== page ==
• Medieval Era
  • 1 min

By Crusader1307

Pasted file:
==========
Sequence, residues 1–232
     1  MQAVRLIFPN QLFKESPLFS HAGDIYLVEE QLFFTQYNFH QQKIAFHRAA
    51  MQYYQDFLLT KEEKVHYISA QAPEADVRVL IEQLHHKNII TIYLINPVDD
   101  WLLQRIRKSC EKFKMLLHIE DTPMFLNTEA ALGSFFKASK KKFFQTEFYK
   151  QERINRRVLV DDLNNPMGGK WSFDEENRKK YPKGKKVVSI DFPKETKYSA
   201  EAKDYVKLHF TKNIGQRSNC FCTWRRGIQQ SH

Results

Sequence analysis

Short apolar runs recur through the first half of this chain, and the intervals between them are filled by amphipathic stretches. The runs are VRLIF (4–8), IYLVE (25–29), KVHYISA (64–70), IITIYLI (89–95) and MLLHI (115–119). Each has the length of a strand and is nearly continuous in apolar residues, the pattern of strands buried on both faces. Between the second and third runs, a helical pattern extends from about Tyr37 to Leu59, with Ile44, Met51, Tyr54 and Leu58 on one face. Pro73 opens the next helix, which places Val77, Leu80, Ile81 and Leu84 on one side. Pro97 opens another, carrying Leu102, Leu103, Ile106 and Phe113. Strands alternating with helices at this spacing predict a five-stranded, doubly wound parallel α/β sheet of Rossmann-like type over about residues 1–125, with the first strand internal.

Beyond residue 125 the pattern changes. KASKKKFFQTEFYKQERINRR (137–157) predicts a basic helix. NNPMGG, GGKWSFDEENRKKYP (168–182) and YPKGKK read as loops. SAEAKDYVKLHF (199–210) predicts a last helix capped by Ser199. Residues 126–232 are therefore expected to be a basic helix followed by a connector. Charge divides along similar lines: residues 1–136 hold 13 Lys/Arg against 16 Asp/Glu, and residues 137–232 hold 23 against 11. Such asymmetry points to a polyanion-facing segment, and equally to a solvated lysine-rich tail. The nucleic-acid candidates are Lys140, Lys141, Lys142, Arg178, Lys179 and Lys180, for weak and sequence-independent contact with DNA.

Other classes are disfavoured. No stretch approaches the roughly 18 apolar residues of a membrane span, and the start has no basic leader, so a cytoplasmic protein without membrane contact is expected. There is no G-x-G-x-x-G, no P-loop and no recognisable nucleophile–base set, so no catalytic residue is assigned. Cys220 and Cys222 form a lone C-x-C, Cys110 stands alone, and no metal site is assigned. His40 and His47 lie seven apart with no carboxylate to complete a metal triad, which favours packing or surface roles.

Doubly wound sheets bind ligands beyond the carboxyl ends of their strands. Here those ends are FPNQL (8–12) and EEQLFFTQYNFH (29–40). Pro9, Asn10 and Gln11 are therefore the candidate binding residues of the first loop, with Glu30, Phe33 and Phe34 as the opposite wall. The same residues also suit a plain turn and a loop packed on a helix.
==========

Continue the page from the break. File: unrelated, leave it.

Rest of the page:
A fashion technique of the late Middle Ages and early Renaissance Period, "Slashing" may have developed on the battlefields of Europe. First mentioned in the 14th Century among Flemish and Swiss soldiers, the practice derived from combat, in which one's Clothing was "slashed" by an Opponent's Sword or Pole Arm. Hopefully surviving such a strike, the "slash" was seen as a "Badge of Honor" (and left in place). Another form of related "Slashing", involved Burgundian Soldiers, who - after "slashing", took captured fine cloths and silks to patch the combat slashes. Conversely, these pieces may have been worn underneath the clothing. With the added slashes, the undergarment was seen. Thus was born - of battle, a new "fashion style". Clothing, especially among Nobility - began to be purposely manufactured with slashes, to reveal the finer silk and linen under garments. The style was used to accent sleeves, Surcoats and Pantaloons. The practice of Slashing would be dominate throughout Europe well into the early 18th Century. Amazingly, the practice has been revisited of late, in Modern fashion.